Autoimmune disorders

The immune system enhances robustness of the host system against broad range of pathogenic perturbations. It has to be able to react against a greater variety of pathogens within the resource limitations of the host system. The major constraint in immune system is resource limitation. Host immune systems must cope with an infinite variety of pathogens using finite number of T cells. Antigen processing and trimming is an effective mechanism that enables recognition of a broader range of pathogens using limited numbers of T cells. The trade-off is increased risk of misrecogni-tion of a pathogen associated signature with the host's tissues. At the same time, resource limitation forces the system to take activation-triggered maturation of adaptive immune cells, rather than making themselves ready to be dispatched immediately. It is conceivable that this requirement has imposed selective pressures that have shaped the global structure of the immune system. A typical architecture of a bow-tie, or hour-glass, comprises conserved and efficient core processes with diverse and redundant input and output processes [1, 71]. The host immune system encompasses a nested tandem bow-tie architecture which can be observed in TLR signaling in innate immunity [58], processing and recognition of MHC-peptides between APC and T cells, and convergence of signaling from various cells into CD4+ T cells to foster polarized proliferation involving a complex cytokine network [57].

The most relevant issue in the current context is the bow tie structure of antigen presentation and recognition. In this process, various exogenous materials are captured by antigen presenting cells (APCs) through phagocytosis, macropinocytosis, and fluid phase endocytosis; also it expresses a broad range of receptors that induce receptor-mediated endo-cytosis. Exogenous materials captured undergo peptide processing to be loaded onto MHC II followed by trimming. The size of loaded peptides on MHC II ranges between 13-17 [72], and only a core of short peptides of 9-10 amino acids epitope binds to a receptor on CD4+ helper T cells [73]. A proper binding of TCR to MHC II activates signal transduction path ways, triggering cytokine secretion and polarization. MHC Class I is yet another bow-tie structure where a huge variety of peptides of endogenous origin are processed for loading and trimming on MHC I with the length of 8-10 amino acids and recognized by CD8+ T cells [74]. While this mechanism enabled robust host adaptive immune response to a broad range of pathogens, it is fragile against misrecognition so that, in some cases, molecular signature for pathogens and that of host tissue systems can be misrecognized that may trigger autoimmune reactions.

Some autoimmune diseases are now identified as infection-triggered, such as Crohn's disease (CD), which is an intestine autoimmune disease that causes chronic inflammation. Recently, it was shown that inflammation induced by bacterial infection triggers chronic inflammation, and mutation of NOD2 increases disease susceptibility [75, 76]. Extensive concentration of bacteria such as Mycobacterium paratuberculosis and Listeria monocytogenes has been observed by biopsy of CD patients using 16S rDNA PCR and DNA hybridization analysis [77]. Such infection-triggered autoimmune disorders are not specific to Crohn's disease reflecting the inherent fragility of the immune system where antigen patterns presented for immune reaction are sufficiently similar to the host's own signature, causing the immune system to react against the self [78]. The MHC antigen presentation and receptor system is the core of the bow-tie architecture, and so a breach in this system seriously affects its functionality. Dilated cardiomyopathy is associated with cardiotropic virus infection triggering dendritic cell-induced autoimmune heart failure [79]. It has been argued that the broad range of autoimmune disorders discussed above as well as rheumatoid arthritis (RA), systemic lupus erythematosus (SLE), and others, are due to multiple exposures to pathogenic bacteria and virus [80]. This class of autoimmune diseases can be attributed to breaches of the immune response against pathogens, by which invaded pathogens trigger a sustained immune response by molecular mimicry [78], possibly with TCR-dependent bystander activation [80].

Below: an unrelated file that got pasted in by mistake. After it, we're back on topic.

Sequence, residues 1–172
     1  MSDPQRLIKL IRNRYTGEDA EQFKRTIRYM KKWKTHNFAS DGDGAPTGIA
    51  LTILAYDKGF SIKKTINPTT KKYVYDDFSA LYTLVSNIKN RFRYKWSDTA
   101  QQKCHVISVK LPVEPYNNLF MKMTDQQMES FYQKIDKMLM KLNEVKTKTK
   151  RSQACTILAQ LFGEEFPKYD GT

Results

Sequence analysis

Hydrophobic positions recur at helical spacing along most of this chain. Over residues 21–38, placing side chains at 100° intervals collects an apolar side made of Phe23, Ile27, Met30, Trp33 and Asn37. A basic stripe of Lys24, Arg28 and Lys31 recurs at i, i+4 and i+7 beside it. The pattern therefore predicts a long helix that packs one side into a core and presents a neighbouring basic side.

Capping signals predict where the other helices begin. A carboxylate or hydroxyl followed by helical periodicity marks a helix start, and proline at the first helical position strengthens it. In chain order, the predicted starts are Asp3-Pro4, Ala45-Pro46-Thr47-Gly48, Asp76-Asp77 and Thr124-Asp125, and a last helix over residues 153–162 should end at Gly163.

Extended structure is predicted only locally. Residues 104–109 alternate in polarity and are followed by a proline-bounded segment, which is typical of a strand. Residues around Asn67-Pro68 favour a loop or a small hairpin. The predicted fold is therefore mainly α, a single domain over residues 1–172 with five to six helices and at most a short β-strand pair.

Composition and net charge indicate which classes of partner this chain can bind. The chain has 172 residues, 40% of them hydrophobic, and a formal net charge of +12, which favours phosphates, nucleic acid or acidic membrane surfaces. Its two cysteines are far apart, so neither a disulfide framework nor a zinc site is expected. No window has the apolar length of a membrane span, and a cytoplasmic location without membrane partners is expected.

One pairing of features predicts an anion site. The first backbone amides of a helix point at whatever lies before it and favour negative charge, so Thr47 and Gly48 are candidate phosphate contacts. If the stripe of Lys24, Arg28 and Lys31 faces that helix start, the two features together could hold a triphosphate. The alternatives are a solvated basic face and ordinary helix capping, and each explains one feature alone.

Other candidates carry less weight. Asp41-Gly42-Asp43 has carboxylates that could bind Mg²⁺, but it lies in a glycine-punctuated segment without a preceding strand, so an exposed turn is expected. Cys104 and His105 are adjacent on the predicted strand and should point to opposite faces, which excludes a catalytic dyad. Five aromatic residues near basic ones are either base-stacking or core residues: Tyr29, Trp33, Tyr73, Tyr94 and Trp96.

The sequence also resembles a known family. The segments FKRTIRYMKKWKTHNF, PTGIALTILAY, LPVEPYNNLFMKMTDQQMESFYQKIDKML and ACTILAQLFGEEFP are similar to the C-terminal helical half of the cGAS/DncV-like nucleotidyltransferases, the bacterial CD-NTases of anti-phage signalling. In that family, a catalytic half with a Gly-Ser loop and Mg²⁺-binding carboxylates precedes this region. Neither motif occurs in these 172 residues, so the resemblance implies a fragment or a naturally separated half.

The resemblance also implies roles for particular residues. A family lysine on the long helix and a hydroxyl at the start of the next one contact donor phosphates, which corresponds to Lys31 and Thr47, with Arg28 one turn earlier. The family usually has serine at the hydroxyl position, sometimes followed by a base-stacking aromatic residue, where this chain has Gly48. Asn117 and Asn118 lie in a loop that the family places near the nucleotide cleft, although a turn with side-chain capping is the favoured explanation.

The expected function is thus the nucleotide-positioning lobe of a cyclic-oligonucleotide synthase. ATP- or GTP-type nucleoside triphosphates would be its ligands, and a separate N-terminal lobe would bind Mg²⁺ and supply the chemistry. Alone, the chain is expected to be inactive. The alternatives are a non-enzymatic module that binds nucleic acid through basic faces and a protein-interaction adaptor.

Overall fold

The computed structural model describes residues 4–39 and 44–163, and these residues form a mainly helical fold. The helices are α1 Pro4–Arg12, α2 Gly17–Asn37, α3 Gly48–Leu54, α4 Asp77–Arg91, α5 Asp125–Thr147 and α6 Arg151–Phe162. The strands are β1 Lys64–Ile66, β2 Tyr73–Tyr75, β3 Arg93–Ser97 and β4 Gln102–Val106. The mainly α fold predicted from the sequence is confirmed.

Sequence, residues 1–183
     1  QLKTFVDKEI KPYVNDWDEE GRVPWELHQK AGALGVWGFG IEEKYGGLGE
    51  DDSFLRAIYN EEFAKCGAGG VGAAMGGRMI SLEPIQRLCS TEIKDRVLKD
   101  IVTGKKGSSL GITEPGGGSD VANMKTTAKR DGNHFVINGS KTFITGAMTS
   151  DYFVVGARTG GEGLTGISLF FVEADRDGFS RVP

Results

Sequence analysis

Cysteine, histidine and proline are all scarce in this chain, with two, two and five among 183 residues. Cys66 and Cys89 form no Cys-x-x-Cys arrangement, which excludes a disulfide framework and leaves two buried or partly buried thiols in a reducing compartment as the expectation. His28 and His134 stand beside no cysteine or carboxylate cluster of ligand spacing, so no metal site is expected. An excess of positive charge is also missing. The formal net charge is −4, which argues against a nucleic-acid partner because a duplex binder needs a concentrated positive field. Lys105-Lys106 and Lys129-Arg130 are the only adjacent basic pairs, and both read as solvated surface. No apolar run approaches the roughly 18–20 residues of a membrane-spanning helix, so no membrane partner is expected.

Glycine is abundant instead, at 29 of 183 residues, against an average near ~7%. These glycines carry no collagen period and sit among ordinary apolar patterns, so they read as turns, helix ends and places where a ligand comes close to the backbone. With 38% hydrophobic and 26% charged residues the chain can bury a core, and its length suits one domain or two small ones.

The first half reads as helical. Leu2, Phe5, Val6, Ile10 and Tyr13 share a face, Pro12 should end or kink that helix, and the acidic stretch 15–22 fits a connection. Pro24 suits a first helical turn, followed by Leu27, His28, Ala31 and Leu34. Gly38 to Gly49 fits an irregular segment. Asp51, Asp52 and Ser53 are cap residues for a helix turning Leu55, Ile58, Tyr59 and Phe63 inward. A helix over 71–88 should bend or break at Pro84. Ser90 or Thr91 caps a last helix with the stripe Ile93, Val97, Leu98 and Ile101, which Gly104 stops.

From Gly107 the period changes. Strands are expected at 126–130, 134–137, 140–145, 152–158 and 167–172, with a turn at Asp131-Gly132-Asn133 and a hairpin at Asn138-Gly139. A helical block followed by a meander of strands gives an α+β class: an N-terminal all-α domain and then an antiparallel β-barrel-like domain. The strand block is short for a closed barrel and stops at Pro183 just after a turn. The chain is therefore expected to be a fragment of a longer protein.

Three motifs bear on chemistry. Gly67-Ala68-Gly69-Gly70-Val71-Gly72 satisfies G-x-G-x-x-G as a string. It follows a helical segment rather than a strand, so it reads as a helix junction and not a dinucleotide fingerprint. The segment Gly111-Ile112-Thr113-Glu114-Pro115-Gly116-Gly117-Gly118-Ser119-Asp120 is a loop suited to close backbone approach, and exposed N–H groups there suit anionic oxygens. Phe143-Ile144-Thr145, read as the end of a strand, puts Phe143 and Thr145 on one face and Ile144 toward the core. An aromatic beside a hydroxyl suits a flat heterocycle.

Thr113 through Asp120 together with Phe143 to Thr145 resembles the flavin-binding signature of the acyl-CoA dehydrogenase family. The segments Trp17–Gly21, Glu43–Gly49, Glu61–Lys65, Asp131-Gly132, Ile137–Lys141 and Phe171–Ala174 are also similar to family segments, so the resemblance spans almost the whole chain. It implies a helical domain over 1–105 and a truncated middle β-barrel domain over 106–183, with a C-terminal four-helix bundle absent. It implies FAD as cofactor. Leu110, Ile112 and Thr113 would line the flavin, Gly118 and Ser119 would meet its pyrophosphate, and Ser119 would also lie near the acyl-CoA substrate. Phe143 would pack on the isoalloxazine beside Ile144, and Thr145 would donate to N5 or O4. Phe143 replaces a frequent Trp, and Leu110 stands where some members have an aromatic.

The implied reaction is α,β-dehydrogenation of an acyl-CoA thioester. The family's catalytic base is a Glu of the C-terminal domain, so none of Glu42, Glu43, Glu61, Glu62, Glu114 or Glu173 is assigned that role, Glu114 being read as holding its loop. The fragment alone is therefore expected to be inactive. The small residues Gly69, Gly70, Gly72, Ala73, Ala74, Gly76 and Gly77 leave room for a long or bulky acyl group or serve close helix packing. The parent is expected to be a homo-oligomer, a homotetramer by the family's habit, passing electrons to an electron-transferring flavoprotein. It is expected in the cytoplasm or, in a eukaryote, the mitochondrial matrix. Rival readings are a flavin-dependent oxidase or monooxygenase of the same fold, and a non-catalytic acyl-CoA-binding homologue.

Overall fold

Chlamydia pneumoniae has been found to associate with atherosclerosis [81, 82]. Chlamydia was found to infect lymphocytes and monocytes to escape host immune reactions and to proliferate [83]. Promotions of atherosclerosis due to Chlamydia may be due to its ability to transform macrophage into foam cells as well as possible autoimmune reactions [84]

as similarity between Chlamydia external membrane protein and human cardio-muscle myosin has been identified [85].

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